The bad news is coming in fast and furious. Its rapidity brings to mind other seizures of state power by “crazy” and/or “stupid” patriarchal hardliners—the Taliban, for example (comment heard on Radio-Netherlands, 28 January 2001, regarding Bush’s cutting of funds for abortion counselling: “This is a U.S. version of the Taliban”), or the Nazis. Hitler came to power in a tainted democratic election, intimidating voters with his gang of thugs known as the Brown Shirts. Bush achieved the same end through non-violent use of the judicial system, which may indicate how much more refined state and corporate control have become in the last eighty years (we were already living under a “soft fascism”?). Hitler’s electoral victory would not have meant much without the backing of German industrialists—and this he had, since they were promised the contracts to build his war machine. Bush has the backing of US-based multinationals, for similar reasons. (The Bush campaign was awash in Big Money, with computer-industry magnates, led by Bill Gates, making especially hefty contributions.) Finally, even with election-victory respectability and big-capitalist support, Hitler still needed individual Germans in positions of authority and responsibility throughout the society to decide, “Hey, we’ve got to go along with this guy now; we have too much to lose.” Most apparently did decide to accept the new situation, thereby normalizing it.

It took years for the “new situation” in 1930s Germany to radically alter and/or prematurely end the lives of most of earth’s people. But the USA in 2001 is already the world’s dominant economic and military power, and the current speed of communications and transport is lightning-fast compared to what it was before World War II; consequently, the global repercussions of anything Bush does are immediate. The global repercussions of every single act of resistance to Bush & Company are also immediate—even if less visible, owing to corporate control of mass communications.

Under these circumstances, it’s wondrous luck to have a free-speech vehicle already on the road—especially one that’s small, fast and maneuverable (like an Arabian horse, I hope). She Is Still Burning arrived on time; now may she arrive on target.

Bon courage (and happy reading),
Harriet Ellenberger
Saint John, New Brunswick, Canada


IN THIS INSTALLMENT

•”The Light of the Deer” by Sara Wright (a recounting of personal experience in which Cherokee myth takes on new life in the Maine woods)
•”A Wing in the Crevice” by Ann Stokes (a mysteriously moving renewal/rebirth poem that resonates on many levels—appropriate for the times)
•”She Is Still Burning” Meets “RadVictorian Radio” (with e-mail correspondence from Barbara Mor)


THE LIGHT OF THE DEER
              by Sara Wright, Autumn 2000

From out of the mountain he comes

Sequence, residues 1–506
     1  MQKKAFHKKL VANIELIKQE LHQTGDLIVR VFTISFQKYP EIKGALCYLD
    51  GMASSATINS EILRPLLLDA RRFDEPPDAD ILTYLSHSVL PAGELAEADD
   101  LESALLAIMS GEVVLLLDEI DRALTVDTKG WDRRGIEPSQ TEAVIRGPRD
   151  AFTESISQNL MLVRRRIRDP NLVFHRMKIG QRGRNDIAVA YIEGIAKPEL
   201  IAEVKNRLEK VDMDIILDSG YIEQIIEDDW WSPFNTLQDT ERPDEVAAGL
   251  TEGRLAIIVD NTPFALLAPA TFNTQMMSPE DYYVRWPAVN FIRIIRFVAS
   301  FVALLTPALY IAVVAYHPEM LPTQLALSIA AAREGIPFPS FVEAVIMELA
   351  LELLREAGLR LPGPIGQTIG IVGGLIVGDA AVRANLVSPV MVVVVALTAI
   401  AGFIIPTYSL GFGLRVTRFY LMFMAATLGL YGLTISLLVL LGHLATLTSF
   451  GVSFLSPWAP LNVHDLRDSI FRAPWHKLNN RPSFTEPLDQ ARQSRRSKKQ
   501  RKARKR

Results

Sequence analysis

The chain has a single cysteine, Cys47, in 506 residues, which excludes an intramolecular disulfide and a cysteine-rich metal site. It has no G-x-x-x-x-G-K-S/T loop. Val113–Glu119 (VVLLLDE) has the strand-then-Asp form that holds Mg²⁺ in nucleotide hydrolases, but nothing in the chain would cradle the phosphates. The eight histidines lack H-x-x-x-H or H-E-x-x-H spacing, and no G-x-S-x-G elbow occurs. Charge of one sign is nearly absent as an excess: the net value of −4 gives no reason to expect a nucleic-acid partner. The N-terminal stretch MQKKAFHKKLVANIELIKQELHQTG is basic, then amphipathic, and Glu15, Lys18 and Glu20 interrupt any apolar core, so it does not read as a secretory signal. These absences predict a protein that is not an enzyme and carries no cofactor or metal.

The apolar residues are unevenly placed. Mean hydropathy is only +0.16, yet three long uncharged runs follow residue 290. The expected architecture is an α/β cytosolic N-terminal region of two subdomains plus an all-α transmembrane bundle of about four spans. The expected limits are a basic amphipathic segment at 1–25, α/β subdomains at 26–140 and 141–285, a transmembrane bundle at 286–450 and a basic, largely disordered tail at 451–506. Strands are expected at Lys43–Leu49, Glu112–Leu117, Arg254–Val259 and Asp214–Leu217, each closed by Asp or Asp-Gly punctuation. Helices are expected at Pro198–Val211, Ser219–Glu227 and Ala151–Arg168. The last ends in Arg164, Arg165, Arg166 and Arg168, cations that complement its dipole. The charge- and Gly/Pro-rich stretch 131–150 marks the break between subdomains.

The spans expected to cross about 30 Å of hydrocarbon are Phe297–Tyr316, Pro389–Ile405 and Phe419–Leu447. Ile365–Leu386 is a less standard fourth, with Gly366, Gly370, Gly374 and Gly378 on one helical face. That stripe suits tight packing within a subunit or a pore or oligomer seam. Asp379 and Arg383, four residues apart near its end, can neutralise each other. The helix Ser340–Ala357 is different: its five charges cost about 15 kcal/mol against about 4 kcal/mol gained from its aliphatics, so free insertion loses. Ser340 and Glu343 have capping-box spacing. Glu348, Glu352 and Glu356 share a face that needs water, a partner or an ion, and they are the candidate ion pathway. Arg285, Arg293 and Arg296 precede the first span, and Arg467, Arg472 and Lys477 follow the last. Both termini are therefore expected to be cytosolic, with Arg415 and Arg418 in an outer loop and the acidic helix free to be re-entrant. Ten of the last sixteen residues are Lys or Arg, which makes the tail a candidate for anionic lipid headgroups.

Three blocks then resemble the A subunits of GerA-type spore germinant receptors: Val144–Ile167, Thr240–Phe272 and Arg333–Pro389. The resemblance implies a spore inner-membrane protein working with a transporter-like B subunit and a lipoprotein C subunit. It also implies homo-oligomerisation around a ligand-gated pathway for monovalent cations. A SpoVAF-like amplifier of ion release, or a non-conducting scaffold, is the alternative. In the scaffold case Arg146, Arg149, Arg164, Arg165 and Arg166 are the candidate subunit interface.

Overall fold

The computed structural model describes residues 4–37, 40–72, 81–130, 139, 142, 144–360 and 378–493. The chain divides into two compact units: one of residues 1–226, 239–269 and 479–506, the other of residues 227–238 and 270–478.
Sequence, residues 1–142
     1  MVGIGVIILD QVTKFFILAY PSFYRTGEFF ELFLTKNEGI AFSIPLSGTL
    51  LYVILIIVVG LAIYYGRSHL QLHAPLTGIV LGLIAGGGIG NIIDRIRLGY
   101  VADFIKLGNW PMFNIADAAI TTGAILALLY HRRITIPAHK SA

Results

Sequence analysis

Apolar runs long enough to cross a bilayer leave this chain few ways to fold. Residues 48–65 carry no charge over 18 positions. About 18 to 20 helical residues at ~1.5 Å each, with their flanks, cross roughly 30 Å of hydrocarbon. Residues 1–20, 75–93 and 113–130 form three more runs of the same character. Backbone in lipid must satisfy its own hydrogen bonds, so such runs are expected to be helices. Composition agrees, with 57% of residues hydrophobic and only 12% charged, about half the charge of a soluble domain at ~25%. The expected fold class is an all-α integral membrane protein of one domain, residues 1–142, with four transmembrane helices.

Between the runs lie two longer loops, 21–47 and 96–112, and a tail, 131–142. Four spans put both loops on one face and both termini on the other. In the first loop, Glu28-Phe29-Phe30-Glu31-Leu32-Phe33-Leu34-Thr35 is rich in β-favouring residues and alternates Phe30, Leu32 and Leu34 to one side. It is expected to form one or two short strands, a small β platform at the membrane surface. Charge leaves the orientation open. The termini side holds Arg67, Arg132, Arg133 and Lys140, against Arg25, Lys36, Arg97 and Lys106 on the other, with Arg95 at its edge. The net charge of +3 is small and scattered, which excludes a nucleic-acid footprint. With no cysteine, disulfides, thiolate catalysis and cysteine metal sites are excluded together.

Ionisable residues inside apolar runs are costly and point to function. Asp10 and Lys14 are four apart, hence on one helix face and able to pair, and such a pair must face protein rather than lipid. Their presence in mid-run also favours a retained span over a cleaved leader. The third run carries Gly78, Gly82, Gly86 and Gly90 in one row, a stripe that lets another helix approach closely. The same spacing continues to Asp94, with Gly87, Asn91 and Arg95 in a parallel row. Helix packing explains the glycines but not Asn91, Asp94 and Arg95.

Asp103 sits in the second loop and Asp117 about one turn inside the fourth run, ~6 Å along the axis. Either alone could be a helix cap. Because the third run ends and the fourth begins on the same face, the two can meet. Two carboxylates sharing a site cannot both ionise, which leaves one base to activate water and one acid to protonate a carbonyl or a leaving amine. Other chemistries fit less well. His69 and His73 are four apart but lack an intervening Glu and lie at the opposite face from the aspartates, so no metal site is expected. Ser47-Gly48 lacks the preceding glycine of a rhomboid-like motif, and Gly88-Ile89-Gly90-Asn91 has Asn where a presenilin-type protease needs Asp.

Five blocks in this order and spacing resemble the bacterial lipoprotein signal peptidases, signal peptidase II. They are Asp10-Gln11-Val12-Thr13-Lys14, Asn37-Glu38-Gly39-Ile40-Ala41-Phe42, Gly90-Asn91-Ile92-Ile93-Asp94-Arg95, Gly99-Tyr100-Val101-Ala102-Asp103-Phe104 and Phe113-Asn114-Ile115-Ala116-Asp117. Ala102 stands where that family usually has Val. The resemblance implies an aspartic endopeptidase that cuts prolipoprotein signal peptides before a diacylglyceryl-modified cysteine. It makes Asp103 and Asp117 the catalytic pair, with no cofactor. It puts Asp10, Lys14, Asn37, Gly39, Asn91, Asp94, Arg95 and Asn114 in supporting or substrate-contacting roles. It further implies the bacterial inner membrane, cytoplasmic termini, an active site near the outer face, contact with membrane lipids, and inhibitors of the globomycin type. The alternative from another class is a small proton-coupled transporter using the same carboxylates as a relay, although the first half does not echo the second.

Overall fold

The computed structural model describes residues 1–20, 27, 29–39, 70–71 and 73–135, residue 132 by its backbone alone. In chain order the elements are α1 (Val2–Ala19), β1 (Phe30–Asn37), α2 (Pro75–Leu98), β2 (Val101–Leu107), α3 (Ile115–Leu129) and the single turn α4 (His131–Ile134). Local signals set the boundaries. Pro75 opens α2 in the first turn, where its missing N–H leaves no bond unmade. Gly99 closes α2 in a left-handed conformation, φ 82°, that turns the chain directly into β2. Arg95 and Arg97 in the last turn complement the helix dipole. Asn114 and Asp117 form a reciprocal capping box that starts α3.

With his head held high in the wind
Like the spirit of light he comes
The little white chief of the deer …

One blue and gold morning a few weeks ago this poem came involuntarily to my mind, as I was thinking about bears. Bear killing season was underway. I was humming a little song I had put to the words as I walked, and remembering the first time I used them eight years ago to invoke the spirit of Awi Usdi.

In the Cherokee myth this mystical white deer is called out of the mountain by the animals who are being slaughtered to species extinction by hunters. Awi Usdi is the justice maker and spirit of reverence who incarnates as this small deer. When the animals tell him about their fears of being wiped out by men, he assures them that justice will prevail. First he will visit the hunters in dreams and tell them that they must stop killing more animals than they need. They must use prayer to ask for permission to take an animal life, and then give thanks for the gift of each animal life given. Then Awi Usdi warns the hunters that if they do not curb their greed and continue to kill without reverence, he will cripple the hunters, making it impossible for them to ever hunt again. Most men listened, but some thought that their dreams were stupid and refused to stop killing. Awi Usdi put an end to their slaughter as he had promised the animals he would, and balance and harmony between animals and humans was restored once more.

This myth came instantly alive for me the first time I read it in Caduto/Bruchac’s Keepers of the Earth in 1993. I had just moved to the mountains and the continuous slaughter of so many animals left me stunned beyond comprehension and without resources to fight back. Everyone I talked to seemed hungry for the hunt. I didn’t know which was most revolting: the arrogance of the men, or the women who supported the right of these men to kill whatever crossed their paths. Either way both rationalized that often this meat was actually eaten. When I would mention that no one ate beaver these days, the women would frequently excuse the hunters’ disgusting behavior by saying that their men had to do “the man thing.” What’s behind this statement is one of the hidden truths of patriarchy, namely that many men just like to kill. I wonder now how I missed it. Hunting bears, beavers, minks, otters, deer, rabbits, moose, squirrels and anything else that was unfortunate enough to cross the human path in or out of “season” was accepted as normal, and I think it was this attitude of normalcy that frightened me the most. I felt completely alone, and I’m ashamed to say I became wary of stating my position beyond saying that I didn’t want hunting on my own land.